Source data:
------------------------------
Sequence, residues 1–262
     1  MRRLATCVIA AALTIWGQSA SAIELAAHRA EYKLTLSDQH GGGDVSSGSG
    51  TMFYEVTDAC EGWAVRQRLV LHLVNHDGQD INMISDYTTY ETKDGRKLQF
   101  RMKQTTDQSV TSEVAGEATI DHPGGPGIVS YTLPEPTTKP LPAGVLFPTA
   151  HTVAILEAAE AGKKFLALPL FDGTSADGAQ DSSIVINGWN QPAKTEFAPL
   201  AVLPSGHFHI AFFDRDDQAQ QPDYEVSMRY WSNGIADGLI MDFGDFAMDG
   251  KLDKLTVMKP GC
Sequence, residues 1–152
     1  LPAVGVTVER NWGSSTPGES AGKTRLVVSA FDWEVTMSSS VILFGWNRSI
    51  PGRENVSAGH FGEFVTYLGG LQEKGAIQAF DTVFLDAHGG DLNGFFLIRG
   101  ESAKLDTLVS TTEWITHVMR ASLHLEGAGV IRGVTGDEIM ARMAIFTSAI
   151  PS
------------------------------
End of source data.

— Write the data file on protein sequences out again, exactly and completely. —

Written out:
Sequence, residues 1–262
     1  MRRLATCVIA AALTIWGQSA SAIELAAHRA EYKLTLSDQH GGGDVSSGSG
    51  TMFYEVTDAC EGWAVRQRLV LHLVNHDGQD INMISDYTTY ETKDGRKLQF
   101  RMKQTTDQSV TSEVAGEATI DHPGGPGIVS YTLPEPTTKP LPAGVLFPTA
   151  HTVAILEAAE AGKKFLALPL FDGTSADGAQ DSSIVINGWN QPAKTEFAPL
   201  AVLPSGHFHI AFFDRDDQAQ QPDYEVSMRY WSNGIADGLI MDFGDFAMDG
   251  KLDKLTVMKP GC
Sequence, residues 1–152
     1  LPAVGVTVER NWGSSTPGES AGKTRLVVSA FDWEVTMSSS VILFGWNRSI
    51  PGRENVSAGH FGEFVTYLGG LQEKGAIQAF DTVFLDAHGG DLNGFFLIRG
   101  ESAKLDTLVS TTEWITHVMR ASLHLEGAGV IRGVTGDEIM ARMAIFTSAI
   151  PS